The Civil Rights movement, the Black Panthers, the Black Power movement, to the Viet Nam War movement, the Women’s movement, the American Indian movement, and the Gay Rights movement gave the U.S. a body of knowledge about free minds and unwilling bodies. Individuals pursuing the American Dream have learned how to respond to agitators, protesters, resisters, militants, radicals, and homegrown terrorists. Consider the law enforcement shootings of unarmed young Black American men or the judiciary imprisonment of resister Rev. Edward Pinkney in Michigan or Mumia in Pennsylvania as actions taken to defend the American Dream of Pax Americana.

Recently, I heard a “progressive” talk show host (a prominent white lawyer) describe 1968 as the year when “angry” Blacks burned and destroyed their communities. He went on to describe other protesters, women and students. But Blacks were relegated to “angry” Blacks, and if you are a young person today, you would think all Black protesters or activists (aside from Martin Luther King) were rioters, looters, destroyers of their community! Mind you, this host expressed his anger with passion against the Bush regime or against the pharmaceutical drug companies, for example, every week! Most Black people were angry with passion against the U.S. government and its refusal to confront the conditions of poverty, unemployment, education, or housing. I could hear in this host’s voice his acceptance of the American Dream that denounces and rejects Black anger as standing in the way of “progress.”

But this almost seems like a time in the distant past…

You might recall him. A guy named O’ Brien. O’Brien is a member of the Inner Party, and Winston Smith has a dream that O’Brien, sitting next to him in a “pitch-dark room,” quietly said: “‘we shall meet in the place where there is no darkness.’” Later, Winston meets O’Brien.

Momentarily he caught O’Brien’s eye. O’Brien had stood up. He had taken off his spectacles and was in the act of resetting them on his nose with his characteristic gesture. But there was a fraction of a second when their eyes met, and for as long as it took to happen, Winston knew - yes, he knew! - that O’Brien was thinking the same thing as himself. An unmistakable message had been passed…‘I am with you,’ O’Brien seemed to be saying to him. ‘I know precisely what you are feeling. I know all about your contempt, your hatred, your disgust. But don’t worry; I am on your side!’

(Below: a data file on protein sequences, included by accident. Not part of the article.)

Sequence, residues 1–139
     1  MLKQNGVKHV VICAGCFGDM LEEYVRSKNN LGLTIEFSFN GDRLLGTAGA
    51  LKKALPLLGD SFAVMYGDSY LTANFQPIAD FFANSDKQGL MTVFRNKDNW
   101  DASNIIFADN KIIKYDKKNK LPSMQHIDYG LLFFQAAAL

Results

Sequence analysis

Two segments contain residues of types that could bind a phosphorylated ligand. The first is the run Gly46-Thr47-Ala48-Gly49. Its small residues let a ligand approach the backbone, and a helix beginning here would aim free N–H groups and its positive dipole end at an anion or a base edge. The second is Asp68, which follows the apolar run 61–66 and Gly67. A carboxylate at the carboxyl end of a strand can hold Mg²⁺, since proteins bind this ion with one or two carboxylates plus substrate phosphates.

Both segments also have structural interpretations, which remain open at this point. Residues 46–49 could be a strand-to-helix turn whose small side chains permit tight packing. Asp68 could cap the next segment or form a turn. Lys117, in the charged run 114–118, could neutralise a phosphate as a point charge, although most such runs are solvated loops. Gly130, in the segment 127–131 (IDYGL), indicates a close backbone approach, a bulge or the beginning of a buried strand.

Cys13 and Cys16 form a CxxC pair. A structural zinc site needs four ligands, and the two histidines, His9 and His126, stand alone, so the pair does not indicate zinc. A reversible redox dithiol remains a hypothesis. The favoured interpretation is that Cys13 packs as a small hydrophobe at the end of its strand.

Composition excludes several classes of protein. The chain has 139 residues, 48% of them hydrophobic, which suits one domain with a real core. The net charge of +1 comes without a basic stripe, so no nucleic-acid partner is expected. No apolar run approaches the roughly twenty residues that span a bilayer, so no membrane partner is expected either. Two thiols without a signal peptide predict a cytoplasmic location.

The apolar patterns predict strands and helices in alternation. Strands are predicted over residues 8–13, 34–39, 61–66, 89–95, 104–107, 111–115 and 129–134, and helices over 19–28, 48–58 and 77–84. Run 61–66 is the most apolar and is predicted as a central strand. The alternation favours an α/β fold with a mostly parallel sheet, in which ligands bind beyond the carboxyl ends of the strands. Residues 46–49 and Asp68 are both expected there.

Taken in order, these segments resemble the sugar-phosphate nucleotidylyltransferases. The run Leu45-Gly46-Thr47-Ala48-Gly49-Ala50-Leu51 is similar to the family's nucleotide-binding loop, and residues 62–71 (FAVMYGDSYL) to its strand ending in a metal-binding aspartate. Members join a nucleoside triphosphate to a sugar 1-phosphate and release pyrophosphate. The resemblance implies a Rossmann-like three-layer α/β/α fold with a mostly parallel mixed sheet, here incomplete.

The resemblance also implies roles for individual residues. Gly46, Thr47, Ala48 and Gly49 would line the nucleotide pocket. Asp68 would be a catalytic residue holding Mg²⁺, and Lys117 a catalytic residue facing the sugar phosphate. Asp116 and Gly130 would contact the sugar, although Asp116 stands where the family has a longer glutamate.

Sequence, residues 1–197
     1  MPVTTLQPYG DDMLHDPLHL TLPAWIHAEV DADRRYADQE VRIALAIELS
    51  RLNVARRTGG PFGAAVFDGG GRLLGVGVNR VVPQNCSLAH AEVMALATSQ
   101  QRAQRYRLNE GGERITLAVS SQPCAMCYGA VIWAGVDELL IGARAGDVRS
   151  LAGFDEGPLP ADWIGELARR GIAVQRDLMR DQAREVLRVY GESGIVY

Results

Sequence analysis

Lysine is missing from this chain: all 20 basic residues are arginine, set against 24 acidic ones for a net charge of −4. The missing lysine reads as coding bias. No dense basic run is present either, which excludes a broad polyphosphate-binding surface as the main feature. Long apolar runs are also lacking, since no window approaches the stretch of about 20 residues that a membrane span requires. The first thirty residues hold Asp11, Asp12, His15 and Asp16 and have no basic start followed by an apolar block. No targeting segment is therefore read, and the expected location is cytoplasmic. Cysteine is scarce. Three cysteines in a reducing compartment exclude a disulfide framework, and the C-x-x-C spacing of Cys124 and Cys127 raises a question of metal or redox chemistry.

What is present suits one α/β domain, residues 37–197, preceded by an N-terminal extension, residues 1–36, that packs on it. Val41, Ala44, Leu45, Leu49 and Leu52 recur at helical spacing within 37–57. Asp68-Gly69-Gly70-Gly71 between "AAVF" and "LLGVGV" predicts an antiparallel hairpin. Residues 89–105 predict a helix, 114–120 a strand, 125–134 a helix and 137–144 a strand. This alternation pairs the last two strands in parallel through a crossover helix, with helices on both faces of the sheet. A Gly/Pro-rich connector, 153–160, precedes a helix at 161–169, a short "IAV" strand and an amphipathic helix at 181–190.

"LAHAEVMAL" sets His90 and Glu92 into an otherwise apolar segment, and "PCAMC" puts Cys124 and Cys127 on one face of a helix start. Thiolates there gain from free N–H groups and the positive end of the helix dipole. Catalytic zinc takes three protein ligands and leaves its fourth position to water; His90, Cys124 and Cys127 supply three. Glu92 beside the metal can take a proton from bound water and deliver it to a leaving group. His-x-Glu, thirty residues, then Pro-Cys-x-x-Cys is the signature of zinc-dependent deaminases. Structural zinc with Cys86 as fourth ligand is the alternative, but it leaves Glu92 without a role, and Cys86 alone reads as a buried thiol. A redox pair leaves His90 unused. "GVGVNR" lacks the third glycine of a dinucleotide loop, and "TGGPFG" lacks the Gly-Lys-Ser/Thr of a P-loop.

And so it begins with whispered words: “don’t worry; I am on your side!”

In 1984, George Orwell’s protagonist Winston believes that O’Brien believes in freedom from BIG BROTHER. BIG BROTHER and O’Brien are not alien to the American Dream. Consider the story of Mary Lou Sapone (maiden name) and Mary McFate (spy).

McFate led the Million Moms March (2000), and according to a Mother Jones’ article “There’s Something about Mary: Unmasking a Gun Lobby Mole,” July 30, 2008, volunteered to organize against gun violence. There’s Mary McFate helping “state groups coordinate their activities in Washington for gun control legislation, and regularly attending strategy and organizing meetings.” She’s for real, right? She’s no 1984 O’Brien, you think?

McFate sought information, specific information: Find out what anti-gun activists are thinking. McFate listened to activists and victims of gun violence, and purposely pursued leadership roles on behalf of these victims. A zealot on behalf of gun-control issues in a number of leading anti-gun violence organizations, Sapone was no zealot as a spy. She was an orthodox believer in BIG BROTHER.

Winston notes that the believers maneuver in a state of “unconsciousness.” Zeal is not enough. Zeal is for the Christian fundamentalists that King George and his crime squad mocked. But the characteristics of “unconsciousness” are “aloofness” and a “sort of saving stupidity,” necessary for functionaries of the State. Why wouldn’t she see herself as a “research consultant”? Sapone thought nothing of joining every anti-gun organization she could find. As a member of the National Rifle Association, this woman thought nothing of covertly infiltrating citizens groups “for private security firms hired by corporations that are targeted by activist campaigns.”

The Mother Jones report continues. “Despite her supposed commitment to the cause, her friends and colleagues in the gun control community considered McFate something of a curiosity.” A “curiosity”?Among other things, she had a tendency to drop in and out of contact, explaining away her absences by saying she had been vacationing aboard luxury cruise liners.” Taking a luxury cruise liner would be a dead give away that something was indeed wrong with Mary! But McFate/Sapone was very much committed to the cause - the cause of achieving control and dominance of people and resources for transnational corporations. Isn’t this the strategic goal of the American Dream?